Optimistic concurrency relies on speculative execution, read-write conflict detection, and checkpoint-rollback techniques to provide a programming model that replaces locks with the abstraction of atomic, isolated execution of critical sections. Previous research has shown that on chip multi-processors, a class of workloads featuring irregular parallelism and rare read-write conflicts can reap significant benefits from the TM model because complex synchronization code can be avoided without the scalability sacrifice that is the hallmark of coarse-grain synchronization.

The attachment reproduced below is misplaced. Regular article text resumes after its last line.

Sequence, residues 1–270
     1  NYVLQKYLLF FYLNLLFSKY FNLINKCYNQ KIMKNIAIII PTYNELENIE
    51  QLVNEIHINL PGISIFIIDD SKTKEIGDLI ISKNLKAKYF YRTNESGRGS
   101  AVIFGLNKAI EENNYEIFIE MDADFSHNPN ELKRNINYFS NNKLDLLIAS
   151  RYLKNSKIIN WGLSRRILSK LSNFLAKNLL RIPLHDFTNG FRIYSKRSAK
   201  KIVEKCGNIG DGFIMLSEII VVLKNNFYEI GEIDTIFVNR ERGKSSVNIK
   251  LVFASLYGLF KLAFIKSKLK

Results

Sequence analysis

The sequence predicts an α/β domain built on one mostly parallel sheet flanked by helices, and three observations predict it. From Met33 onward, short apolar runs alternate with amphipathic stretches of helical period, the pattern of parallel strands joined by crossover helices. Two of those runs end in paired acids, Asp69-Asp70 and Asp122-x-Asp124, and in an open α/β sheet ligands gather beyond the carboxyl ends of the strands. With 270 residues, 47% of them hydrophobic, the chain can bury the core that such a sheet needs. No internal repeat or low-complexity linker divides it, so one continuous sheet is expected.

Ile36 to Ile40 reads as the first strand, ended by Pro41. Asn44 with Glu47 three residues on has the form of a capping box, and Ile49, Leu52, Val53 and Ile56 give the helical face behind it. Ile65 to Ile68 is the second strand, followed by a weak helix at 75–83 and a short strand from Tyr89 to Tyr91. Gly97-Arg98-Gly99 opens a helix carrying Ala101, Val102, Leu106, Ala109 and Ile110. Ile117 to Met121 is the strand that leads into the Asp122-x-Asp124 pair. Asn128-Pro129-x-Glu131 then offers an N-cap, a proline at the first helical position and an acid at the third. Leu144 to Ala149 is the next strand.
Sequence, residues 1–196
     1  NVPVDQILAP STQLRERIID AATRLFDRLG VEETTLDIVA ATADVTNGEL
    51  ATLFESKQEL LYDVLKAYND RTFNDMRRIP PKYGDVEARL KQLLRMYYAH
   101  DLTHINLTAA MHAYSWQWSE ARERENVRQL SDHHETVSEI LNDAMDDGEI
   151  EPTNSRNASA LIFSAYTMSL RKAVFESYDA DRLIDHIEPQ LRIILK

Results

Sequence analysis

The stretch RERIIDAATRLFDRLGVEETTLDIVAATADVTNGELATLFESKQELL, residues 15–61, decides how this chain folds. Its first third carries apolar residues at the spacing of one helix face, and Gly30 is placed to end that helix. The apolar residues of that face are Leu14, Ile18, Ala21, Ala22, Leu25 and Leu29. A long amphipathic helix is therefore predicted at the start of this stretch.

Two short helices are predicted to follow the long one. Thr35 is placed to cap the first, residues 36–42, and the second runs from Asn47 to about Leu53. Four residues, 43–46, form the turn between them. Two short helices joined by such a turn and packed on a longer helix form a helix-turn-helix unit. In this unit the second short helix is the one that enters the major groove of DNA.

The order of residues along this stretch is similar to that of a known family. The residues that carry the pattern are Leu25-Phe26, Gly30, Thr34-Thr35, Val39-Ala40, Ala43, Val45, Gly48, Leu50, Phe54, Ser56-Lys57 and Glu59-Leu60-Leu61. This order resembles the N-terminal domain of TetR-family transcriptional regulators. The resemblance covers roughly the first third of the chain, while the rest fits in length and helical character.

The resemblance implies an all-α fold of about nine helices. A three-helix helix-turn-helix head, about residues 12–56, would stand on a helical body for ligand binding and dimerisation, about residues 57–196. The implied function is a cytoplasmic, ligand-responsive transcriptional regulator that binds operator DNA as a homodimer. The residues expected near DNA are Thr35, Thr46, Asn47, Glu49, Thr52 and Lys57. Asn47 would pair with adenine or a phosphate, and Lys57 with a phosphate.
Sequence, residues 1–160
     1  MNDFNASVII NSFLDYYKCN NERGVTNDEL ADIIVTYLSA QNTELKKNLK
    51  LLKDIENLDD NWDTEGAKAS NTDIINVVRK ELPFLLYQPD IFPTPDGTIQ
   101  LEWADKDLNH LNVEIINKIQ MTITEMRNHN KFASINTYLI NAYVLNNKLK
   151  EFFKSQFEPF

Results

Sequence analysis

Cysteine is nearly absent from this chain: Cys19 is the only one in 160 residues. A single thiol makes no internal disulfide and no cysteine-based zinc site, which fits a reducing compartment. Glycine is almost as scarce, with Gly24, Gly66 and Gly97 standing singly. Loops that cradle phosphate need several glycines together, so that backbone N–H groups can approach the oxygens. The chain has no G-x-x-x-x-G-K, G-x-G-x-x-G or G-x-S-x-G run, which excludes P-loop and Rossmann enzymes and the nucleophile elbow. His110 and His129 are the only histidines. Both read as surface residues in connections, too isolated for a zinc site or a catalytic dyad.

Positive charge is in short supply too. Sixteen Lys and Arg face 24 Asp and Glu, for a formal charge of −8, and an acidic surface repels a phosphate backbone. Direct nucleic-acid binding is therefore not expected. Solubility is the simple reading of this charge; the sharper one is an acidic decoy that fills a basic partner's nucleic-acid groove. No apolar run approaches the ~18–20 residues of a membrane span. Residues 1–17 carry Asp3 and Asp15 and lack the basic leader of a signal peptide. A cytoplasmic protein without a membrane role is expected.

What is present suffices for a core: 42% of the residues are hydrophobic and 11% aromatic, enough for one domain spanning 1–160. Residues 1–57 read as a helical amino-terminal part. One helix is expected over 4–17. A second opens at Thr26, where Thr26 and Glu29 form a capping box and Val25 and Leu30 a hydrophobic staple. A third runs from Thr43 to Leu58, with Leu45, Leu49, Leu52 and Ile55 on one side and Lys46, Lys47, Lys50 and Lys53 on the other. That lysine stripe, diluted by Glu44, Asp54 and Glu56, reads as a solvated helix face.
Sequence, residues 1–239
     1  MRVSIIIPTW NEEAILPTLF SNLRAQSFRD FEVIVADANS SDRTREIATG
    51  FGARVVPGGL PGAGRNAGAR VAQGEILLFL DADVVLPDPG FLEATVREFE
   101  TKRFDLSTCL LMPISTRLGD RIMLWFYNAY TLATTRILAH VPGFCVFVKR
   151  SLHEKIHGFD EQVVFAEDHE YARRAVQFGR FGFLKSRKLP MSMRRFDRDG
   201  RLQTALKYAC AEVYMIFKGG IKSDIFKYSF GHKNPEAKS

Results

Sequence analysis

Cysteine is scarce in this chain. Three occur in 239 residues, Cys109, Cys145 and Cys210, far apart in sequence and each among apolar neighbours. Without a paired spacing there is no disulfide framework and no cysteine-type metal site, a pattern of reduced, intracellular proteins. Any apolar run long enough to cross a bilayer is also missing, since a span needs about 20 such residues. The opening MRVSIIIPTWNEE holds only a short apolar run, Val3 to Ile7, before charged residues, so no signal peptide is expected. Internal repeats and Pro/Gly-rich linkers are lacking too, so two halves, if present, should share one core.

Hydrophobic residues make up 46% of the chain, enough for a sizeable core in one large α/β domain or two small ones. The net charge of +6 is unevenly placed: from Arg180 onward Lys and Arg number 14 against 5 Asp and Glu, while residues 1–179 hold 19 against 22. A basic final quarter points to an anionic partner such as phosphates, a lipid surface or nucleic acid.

In a distributed in a distributed setting, however, with current technological parameters, this class of workloads becomes vanishingly small. Moreover, this class does not include the workloads currently used to evaluate TM and distributed TM systems. We construct a model that predicts performance for a distributed software transactional memory (DSTM) executing a given workload. The model assumes optimal pipelining, batching, and locality, and predicts performance by finding the critical path induced by read-write sharing. We validate the model against real executions from TM benchmarks in the literature, finding that it tracks observed scalability to within 17%. We apply this model to popular TM benchmark applications, observing that none scale in a distributed context because transactions are too short in relation to network latencies. Traditional latency hiding techniques such as prefetching, batching, and speculation do not help, and in fact, sometimes make performance worse. We conclude that current TM benchmarks are not appropriate workloads for a distributed system using optimistic concurrency.